Years later, when I visited Mr. Grubb at his retirement home in Camden, Maine, he was still working on the opera, although Ronny Davis had already passed on. Mr. Grubb was not making much headway, as writing did not come easily for him. He died a few years later, and I did not hear what became of the opera score. I suspected that it was just lost in a pile of other paperwork. For years I thought that was a sad ending, but not when I got older. As I aged, I discovered that life is not like a short story that gets tidied up with a bow at the end. At this later stage of life, the process is more important than the result. It is very useful for a senior citizen to always have a project to work on. That way, one is always involved more with living than with dying. Mr. Grubb had a happy and productive life, and he always had the satisfaction of being engaged in a creative endeavor.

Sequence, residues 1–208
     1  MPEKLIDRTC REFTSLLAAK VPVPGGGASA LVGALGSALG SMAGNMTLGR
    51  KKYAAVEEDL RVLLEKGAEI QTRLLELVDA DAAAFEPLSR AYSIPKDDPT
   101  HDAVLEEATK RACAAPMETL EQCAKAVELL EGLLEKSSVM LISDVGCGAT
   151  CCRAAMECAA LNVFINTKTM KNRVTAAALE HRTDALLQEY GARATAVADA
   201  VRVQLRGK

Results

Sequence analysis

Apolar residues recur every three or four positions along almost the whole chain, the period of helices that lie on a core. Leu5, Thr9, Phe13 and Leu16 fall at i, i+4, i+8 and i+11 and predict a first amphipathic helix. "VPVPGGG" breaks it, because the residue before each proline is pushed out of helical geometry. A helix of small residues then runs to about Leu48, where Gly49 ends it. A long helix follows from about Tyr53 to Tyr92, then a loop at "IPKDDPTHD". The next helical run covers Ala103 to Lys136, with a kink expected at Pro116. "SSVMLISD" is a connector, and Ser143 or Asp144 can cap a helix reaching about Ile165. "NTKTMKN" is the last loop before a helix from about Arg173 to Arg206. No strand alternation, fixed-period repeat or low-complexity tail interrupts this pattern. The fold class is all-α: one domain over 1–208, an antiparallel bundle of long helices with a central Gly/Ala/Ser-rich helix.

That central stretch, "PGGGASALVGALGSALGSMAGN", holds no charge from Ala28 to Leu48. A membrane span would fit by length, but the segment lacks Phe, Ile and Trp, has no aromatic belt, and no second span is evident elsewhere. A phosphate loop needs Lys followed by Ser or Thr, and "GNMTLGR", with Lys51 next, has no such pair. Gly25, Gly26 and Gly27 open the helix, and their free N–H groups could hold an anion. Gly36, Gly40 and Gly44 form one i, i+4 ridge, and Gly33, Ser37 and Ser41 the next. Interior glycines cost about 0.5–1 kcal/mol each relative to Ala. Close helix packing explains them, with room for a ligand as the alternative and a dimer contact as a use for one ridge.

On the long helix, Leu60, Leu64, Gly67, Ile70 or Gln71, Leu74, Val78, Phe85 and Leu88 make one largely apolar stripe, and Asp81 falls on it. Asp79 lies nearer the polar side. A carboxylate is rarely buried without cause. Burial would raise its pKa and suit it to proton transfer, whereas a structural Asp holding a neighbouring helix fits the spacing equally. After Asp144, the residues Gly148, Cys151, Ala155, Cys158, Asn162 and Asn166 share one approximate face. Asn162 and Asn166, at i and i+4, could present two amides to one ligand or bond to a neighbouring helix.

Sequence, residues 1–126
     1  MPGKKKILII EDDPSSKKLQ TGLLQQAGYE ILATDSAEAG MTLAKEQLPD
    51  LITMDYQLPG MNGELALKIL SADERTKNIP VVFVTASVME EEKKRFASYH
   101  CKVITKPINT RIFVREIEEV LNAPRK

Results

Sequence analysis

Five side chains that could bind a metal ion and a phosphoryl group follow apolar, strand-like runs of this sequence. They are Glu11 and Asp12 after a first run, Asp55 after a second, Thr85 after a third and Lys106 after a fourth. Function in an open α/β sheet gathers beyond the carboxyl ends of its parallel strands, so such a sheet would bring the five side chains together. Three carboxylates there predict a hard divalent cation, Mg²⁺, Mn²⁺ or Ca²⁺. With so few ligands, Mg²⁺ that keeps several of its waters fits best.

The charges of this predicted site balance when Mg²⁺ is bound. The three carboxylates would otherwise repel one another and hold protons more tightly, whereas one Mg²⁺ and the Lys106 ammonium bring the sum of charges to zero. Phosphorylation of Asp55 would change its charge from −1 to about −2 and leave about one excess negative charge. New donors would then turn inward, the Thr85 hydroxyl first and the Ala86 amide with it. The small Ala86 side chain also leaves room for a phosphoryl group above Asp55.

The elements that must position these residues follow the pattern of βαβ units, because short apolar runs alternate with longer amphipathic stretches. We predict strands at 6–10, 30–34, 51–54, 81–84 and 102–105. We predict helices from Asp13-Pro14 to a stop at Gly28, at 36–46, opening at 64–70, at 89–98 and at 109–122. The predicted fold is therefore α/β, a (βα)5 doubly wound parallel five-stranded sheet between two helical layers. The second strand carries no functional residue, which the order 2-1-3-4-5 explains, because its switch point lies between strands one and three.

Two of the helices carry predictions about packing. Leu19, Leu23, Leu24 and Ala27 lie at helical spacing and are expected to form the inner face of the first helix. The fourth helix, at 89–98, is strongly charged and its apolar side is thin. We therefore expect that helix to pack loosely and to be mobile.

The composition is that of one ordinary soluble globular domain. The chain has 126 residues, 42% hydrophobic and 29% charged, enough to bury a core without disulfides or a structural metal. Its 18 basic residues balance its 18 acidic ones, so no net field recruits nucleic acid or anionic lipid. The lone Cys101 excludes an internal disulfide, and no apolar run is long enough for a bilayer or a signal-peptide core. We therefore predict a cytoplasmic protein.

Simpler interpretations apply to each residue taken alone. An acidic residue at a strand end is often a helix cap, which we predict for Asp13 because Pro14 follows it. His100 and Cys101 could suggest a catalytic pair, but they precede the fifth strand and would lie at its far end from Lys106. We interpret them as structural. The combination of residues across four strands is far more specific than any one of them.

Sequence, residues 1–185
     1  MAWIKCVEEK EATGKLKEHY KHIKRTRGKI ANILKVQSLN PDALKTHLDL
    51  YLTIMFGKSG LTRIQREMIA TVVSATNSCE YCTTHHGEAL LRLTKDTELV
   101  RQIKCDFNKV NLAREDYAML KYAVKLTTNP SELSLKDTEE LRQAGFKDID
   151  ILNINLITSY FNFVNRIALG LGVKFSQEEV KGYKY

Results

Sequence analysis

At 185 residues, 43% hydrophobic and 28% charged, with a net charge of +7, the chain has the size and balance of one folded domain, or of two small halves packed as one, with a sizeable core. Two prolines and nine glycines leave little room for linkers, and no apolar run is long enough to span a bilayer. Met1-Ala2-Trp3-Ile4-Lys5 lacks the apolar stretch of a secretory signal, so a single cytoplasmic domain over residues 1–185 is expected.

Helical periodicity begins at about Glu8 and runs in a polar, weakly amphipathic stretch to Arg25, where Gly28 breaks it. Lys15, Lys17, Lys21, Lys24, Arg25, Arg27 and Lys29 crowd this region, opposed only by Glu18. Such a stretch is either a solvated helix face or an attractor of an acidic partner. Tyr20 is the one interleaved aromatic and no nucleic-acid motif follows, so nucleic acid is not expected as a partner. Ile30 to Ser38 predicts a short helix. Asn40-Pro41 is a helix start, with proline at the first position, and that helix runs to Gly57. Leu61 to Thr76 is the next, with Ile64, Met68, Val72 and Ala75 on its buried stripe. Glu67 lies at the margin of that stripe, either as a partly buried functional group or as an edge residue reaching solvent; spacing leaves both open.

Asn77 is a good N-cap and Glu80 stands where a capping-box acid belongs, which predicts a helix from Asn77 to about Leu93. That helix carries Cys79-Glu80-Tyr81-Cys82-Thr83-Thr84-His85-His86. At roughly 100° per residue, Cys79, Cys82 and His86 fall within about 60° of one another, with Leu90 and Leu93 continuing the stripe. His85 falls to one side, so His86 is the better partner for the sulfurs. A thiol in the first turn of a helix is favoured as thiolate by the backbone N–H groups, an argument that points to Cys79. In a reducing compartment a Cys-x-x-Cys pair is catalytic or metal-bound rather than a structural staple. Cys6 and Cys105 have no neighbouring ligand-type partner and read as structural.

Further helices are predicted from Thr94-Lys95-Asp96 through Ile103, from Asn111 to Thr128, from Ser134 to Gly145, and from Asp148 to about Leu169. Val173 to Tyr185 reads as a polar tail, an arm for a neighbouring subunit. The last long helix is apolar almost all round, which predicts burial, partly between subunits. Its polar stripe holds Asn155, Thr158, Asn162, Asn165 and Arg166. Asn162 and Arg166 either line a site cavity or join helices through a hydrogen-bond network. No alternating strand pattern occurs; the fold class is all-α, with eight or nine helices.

Many years later, I received all my mother’s music after she passed away. As I went through the many pieces, I found a handwritten copy of Mr. Grubb’s aria, “If Love be Sin”. I was delighted, because I thought it had been lost. Mr. Grubb had inscribed it to my mother, saying,”Odessa (Delaware) – March 23, 1966. Dear Winnie: It is my hope you enjoy this as much as the writer – LWG.”
I played through it on the piano, and it is as beautiful as I remembered. I don’t know what to do with it, so for now it is in a small pile of music on my piano, and I play it for myself from time to time, remembering two wonderful musicians who made an outstanding contribution to the amount of joy in my life.
I do not have a recording of the aria, but you can get a sense of the beauty and extraordinary range of my mother’s voice on this recording of O Holy Night from a New York radio broadcast from the 1940’s. There is some wavering of the tone due to the warping of the 78 rpm record. After playing the recording, just push the back button to return to this page. To listen, just click on this LINK.
Chapter 28 tells of the extraordinary achievements of Maury, a friend of mine, who was in my class at piano tuning school. Maury is not his real name. In Piano Dance, for most of the people who are not famous, I changed the names to respect their privacy. The one exception is Kelly, the piano teacher in Chapter 32. He gave me permission to use his actual name.